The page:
Jeff Bezos presses the “Mayday” button on one of Amazon’s new Kindle Fire HDX tablets. A few seconds later, a fresh-faced twentysomething named Dylan pops up in a small window on the tablet, offering live customer support.
The Amazon CEO probably doesn’t need the help himself, but he’s betting that plenty of average customers do — both those new to technology and even those who are experienced, but don’t remember every setting on their device.
“Things that you do every day, you know how to do, but things you do once every couple of months, you sort of forget,” Bezos said in an interview at Amazon’s Seattle offices this week. “Describing to the customer where to tap and what to do is very difficult. Here, our tech-support agents can just draw on your screen.”
The free 24/7 help service is one of several new software features on the updated Kindle Fire tablets, which also boast higher-resolution screens and faster processors (the latest quad-core Snapdragon 800 chips from Qualcomm). A seven-inch version starts at $229, while the 8.9-inch Kindle HDX starts at $379. Both models can also have AT&T or Verizon wireless data access built in, for an extra $100.
The 8.9-inch model is also a bit thinner and a third lighter than last year’s large-screen Kindle Fire.
Amazon will also sell an entry-level seven-inch HD model for $139. That version will start shipping Oct. 2, while the seven-inch HDX starts shipping Oct. 15, and the 8.9-inch model begins shipping Nov. 7.
As for Mayday, Bezos said it is unclear just how much customers will use it, but said that Amazon has thousands of people in Kindle support already, and is prepared for the calls.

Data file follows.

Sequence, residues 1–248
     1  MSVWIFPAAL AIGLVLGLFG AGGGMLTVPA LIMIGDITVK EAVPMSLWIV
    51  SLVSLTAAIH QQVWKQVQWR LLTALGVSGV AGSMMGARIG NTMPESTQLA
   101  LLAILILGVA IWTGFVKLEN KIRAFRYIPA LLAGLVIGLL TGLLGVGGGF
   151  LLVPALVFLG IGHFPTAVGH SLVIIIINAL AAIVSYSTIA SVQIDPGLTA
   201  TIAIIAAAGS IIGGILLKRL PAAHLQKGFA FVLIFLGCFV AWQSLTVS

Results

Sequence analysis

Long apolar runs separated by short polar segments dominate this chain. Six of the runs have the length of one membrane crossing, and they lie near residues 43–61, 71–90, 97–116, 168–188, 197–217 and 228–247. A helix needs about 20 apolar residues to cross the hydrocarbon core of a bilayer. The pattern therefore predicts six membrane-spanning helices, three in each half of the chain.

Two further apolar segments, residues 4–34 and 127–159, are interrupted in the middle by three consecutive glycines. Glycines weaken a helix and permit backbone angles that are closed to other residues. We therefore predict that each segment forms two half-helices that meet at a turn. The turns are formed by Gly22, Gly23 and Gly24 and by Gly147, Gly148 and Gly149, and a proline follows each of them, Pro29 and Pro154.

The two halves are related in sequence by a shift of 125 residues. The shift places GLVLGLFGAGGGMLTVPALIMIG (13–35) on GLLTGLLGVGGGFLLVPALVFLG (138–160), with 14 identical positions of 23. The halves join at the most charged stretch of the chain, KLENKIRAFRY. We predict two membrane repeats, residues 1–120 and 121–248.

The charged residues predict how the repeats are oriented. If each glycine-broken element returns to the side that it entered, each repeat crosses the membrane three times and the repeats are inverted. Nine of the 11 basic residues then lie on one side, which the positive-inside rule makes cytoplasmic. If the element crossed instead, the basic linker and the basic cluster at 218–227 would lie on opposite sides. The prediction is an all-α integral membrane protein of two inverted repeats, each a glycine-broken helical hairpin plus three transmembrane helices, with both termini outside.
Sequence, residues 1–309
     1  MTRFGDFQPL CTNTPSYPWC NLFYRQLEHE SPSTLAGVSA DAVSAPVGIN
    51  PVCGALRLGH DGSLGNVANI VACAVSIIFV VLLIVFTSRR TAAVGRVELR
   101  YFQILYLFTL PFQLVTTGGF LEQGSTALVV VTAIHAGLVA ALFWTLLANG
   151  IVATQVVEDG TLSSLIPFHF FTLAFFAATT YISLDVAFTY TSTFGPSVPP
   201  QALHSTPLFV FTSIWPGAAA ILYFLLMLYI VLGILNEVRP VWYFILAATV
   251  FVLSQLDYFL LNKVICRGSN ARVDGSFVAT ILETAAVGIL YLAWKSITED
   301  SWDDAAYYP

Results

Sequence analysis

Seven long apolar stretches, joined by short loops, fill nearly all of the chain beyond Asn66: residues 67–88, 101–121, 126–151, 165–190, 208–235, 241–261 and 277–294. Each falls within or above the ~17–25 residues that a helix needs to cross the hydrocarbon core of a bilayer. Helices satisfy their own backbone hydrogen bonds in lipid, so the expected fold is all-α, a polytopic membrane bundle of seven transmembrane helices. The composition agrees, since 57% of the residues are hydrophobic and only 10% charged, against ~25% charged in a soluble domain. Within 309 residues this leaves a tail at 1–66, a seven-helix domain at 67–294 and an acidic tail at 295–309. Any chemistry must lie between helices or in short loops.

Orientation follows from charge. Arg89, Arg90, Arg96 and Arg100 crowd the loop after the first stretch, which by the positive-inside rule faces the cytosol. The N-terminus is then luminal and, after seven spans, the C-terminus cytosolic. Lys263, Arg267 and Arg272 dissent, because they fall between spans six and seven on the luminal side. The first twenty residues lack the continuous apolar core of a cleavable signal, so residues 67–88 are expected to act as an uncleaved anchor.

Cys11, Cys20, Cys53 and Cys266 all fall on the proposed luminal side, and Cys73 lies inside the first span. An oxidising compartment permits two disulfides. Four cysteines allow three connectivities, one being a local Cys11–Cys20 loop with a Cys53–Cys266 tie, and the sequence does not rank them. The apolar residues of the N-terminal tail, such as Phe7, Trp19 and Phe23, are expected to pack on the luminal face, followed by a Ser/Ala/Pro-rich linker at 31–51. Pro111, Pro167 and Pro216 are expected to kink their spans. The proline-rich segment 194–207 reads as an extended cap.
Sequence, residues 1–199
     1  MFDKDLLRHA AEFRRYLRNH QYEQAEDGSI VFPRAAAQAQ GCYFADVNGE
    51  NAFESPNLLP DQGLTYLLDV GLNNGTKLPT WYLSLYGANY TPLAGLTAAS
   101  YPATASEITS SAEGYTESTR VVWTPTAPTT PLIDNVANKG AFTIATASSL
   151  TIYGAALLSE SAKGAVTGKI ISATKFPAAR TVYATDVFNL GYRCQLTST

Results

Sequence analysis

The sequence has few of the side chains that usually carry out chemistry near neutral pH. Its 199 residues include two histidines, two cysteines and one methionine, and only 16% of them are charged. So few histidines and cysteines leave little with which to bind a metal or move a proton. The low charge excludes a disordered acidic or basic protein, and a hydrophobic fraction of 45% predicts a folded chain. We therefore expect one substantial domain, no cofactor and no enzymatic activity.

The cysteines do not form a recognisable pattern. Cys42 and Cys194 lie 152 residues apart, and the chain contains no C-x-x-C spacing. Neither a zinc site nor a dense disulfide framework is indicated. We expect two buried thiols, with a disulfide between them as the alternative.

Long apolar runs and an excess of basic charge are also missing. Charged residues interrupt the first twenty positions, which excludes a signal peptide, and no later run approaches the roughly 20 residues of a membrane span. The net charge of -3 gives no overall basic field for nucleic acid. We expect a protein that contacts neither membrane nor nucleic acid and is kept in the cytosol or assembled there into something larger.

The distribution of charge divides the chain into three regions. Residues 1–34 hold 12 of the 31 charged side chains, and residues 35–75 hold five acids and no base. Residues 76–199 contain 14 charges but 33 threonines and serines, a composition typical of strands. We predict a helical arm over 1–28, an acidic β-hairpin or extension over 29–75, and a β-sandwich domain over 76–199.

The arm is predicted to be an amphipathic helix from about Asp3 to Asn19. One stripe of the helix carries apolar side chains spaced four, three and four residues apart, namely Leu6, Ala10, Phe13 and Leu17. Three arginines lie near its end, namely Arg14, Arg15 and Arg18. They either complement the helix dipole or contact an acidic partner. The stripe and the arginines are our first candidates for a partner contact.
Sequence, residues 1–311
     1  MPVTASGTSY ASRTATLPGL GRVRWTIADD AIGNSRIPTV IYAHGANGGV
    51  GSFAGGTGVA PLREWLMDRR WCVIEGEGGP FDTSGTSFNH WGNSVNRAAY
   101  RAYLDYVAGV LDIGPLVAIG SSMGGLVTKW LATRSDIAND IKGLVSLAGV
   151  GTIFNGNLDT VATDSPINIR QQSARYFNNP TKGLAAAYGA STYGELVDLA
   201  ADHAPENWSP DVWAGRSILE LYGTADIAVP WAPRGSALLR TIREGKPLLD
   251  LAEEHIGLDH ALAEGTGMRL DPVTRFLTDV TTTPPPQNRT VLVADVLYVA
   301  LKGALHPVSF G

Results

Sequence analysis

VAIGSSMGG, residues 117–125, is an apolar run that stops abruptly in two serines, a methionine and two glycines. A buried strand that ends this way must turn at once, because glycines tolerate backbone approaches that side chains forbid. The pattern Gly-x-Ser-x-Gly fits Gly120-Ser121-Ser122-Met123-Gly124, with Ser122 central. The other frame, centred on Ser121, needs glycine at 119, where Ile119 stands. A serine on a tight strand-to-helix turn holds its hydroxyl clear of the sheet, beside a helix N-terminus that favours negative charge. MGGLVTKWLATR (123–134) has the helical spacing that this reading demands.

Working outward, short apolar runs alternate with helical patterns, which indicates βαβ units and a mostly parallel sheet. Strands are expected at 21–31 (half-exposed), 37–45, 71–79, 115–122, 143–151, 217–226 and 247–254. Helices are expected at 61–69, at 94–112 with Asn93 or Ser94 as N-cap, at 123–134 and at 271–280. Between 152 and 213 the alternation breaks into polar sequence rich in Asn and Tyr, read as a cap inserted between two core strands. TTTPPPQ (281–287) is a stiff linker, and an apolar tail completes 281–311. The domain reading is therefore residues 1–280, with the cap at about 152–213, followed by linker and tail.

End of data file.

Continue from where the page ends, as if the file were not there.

“Initially, a lot of people will use it just to show it off,” Bezos said. “We want to encourage that. It’s a ‘wow’ feature.”
In addition to the Mayday feature, the new Kindle Fire tablets are the first devices to support a new Amazon Prime feature that lets certain of the company’s streaming content library to be temporarily downloaded onto a device for offline viewing. (Users have 30 days to watch the videos they download, and 48 hours to finish, once they start watching.) Kindle Fire HDX owners can also fling a TV show from their tablet to certain Samsung TVs or other sets connected to a PlayStation.
As with Google’s Chromecast, the shows are not being mirrored from the tablet, but rather streamed to the television from the Internet. That leaves the tablet free to do other things, such as explore Amazon’s second-screen content, powered by IMDB. And, with a touch of a button, users can pull the video back to their tablets.
It is features like these and the Mayday help system that Bezos says Amazon is uniquely positioned to offer.
Drawing two partially overlapping circles on a whiteboard, Bezos says that his company’s strength is the intersection between customer delight and deep hardware/software integration.
“This intersection is where some of the hardest and coolest things can be built,” Bezos told AllThingsD. Bezos notes that, while built on Android, Amazon works at all levels, from the operating system through the apps and services, to deliver features that other device makers can’t match. It’s much the same pitch Apple makes, though Bezos adds that Amazon is unique in delivering premium tablets at non-premium prices.
Amazon’s low-level work, Bezos says, is what paves the way for a battery-extending “reading mode” that offers 17 hours of use on a single charge, compared with the 11 hours Amazon says is achieved in standard mixed use of the device.
As has become de rigueur for companies doing their own tablets, Amazon also has its own take on the kickstand case. Amazon’s is a magnetic case called the Origami Cover for its ability to twist and fold into different shapes. With the 8.9-inch model, which has an eight-megapixel rear-facing camera, a slide down on the cover both reveals the lens and launches the camera app.
It has worked pretty well so far for Amazon. Bezos said the company has sold “many, many millions of Kindles,” though, continuing with tradition, he wouldn’t give any specific sales numbers.
“We just don’t see any upside in giving out the numbers,” Bezos said.